The need for an SSL certificate on your website has always been debated. And for those of us that are unsure of what this is, an SSL certificate simply makes transferring data over the internet secure. Which is good for ecommerce websites that collect user card details. But for things like blogs for example, the average marketer doesn’t see the need.
If you have a website, there’s a 30% chance your developer mentioned this to you. There’s also a good chance you said “Nah, I don’t think I’d need it”. Heck I told a student at one of my trainings she didn’t need it. Looks like all of that is about to change.
Chrome’s drive for a more secure web
According to the Google Chrome blog
Studies show that users do not perceive the lack of a “secure” icon as a warning, but also that users become blind to warnings that occur too frequently.
And the plan to counter this is to clearly label non secure pages as such. Like in the image below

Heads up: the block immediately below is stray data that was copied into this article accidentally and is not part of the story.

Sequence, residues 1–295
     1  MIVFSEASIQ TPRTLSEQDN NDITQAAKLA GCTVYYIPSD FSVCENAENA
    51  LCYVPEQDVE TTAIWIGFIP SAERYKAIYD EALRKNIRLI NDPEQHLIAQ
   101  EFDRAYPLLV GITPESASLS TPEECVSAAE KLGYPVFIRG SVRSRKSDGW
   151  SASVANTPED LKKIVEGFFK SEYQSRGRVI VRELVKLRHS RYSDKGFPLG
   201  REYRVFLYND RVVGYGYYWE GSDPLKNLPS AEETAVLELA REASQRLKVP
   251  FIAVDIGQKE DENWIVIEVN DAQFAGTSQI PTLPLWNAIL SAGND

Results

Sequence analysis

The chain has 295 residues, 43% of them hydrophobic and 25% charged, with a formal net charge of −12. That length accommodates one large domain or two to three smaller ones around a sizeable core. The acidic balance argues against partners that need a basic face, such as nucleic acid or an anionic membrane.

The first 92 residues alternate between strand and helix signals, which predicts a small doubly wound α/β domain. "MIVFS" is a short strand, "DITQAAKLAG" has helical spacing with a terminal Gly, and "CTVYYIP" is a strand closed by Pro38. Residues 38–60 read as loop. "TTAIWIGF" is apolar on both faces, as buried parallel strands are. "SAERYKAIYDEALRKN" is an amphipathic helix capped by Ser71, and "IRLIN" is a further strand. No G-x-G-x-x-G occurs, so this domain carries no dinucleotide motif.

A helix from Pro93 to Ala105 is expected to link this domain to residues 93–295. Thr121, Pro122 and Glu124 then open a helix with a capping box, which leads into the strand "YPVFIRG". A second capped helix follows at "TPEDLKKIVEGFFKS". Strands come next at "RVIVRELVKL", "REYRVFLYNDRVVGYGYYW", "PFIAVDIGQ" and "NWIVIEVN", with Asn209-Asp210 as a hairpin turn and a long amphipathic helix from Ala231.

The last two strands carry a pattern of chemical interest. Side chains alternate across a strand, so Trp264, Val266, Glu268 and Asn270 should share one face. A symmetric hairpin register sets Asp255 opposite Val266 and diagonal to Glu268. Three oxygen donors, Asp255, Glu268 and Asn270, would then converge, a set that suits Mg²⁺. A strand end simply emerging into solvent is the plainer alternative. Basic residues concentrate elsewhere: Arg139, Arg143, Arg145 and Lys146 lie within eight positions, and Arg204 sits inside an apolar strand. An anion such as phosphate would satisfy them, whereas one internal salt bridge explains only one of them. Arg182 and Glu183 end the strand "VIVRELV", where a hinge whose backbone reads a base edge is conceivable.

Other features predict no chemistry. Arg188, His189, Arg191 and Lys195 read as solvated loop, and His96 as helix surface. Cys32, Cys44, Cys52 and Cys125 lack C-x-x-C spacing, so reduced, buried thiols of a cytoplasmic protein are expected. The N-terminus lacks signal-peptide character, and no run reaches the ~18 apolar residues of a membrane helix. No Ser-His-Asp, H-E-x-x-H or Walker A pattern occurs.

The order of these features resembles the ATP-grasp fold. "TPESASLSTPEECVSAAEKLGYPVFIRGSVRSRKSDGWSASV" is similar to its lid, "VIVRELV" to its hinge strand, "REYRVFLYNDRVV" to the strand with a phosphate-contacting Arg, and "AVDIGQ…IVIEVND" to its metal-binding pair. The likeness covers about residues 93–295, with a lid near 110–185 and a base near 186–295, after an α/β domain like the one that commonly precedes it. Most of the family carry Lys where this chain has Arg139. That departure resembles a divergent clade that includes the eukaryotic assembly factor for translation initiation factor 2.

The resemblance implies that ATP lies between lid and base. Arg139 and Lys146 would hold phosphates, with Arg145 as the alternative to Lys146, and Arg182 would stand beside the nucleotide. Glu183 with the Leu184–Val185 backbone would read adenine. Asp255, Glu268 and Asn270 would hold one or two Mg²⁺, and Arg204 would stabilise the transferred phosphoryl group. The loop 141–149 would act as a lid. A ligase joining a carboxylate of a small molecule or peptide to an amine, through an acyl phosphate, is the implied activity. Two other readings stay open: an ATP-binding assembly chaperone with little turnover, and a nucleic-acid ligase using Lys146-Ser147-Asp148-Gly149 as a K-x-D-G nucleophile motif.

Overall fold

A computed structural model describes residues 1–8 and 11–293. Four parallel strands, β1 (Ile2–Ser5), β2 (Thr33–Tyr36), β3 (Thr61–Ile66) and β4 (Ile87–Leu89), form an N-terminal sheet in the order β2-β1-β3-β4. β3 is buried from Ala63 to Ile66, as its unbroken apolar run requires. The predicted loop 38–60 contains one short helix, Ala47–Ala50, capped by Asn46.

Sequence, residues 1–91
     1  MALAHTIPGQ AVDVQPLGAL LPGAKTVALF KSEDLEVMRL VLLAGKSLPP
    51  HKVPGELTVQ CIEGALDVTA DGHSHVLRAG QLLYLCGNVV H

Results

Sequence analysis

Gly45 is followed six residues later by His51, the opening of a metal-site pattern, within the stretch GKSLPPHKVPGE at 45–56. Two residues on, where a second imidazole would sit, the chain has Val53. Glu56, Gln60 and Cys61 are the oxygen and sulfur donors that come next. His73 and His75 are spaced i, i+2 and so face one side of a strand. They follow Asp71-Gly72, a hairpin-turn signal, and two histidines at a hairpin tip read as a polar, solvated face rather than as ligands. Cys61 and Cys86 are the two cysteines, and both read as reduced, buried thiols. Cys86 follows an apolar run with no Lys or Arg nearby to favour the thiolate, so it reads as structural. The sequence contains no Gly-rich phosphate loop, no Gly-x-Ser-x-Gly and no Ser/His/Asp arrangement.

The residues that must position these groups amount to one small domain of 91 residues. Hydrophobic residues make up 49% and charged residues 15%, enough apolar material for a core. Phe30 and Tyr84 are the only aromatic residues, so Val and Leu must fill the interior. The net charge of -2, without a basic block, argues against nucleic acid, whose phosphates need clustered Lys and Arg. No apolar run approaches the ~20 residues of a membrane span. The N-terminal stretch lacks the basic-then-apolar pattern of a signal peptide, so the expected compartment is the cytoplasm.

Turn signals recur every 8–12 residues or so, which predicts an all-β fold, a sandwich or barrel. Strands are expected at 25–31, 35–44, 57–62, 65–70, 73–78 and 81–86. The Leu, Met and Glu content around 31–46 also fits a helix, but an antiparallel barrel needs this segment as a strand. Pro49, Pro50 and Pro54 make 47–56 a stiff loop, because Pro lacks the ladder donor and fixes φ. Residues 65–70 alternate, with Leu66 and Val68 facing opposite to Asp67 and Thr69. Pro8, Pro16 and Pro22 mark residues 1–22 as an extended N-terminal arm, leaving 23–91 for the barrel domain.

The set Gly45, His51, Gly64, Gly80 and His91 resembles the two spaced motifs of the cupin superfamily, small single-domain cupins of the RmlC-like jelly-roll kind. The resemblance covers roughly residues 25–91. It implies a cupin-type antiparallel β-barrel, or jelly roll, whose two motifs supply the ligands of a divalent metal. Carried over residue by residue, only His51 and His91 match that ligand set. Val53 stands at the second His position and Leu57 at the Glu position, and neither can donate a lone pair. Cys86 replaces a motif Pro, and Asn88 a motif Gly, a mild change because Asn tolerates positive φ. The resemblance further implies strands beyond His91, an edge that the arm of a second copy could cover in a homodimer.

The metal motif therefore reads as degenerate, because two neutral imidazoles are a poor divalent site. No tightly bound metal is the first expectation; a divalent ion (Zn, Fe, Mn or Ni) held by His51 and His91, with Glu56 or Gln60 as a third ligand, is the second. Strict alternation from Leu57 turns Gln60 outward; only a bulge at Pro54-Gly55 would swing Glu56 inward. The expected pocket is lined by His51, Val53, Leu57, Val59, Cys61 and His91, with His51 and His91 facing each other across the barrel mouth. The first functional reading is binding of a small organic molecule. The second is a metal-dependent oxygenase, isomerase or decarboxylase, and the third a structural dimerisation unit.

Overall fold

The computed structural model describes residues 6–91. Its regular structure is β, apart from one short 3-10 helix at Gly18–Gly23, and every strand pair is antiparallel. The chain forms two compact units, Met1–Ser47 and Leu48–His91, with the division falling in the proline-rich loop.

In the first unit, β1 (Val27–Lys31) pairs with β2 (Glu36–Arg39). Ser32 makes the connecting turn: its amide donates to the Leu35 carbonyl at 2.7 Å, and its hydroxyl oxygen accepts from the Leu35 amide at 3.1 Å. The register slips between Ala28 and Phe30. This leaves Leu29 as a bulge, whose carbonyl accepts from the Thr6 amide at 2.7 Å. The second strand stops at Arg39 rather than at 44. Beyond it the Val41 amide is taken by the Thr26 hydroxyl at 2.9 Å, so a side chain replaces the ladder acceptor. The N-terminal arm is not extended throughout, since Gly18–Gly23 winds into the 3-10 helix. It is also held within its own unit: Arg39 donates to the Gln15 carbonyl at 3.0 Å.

This will start by first marking all pages that request for passwords or credit card details of HTTP as non-secure pages. Starting from January 2017, which is in a few months time. Here’s how there pages will look
Still think this doesn’t affect you? After all you don’t collect card details right?
But do you run a tech startup that requires users to log into their account? Or a WordPress blog that allows user registration/login? If yes, you’re still busted. But maybe users wouldn’t notice the little attention seeking circle in their browsers for now. In a few years time though, a huge red triangle will start to make your website look like a phishing site.
It is also important to note though, that this update will only be effected from Chrome 53 upwards. Which is the most recent version of Chrome in circulation as at the time of this writing.
I guess this means you’d need to start selling SSL to your clients as a developer, or consider using it as an SME or startup. At least you’d need to soon enough. What do you think of this update? Let me know
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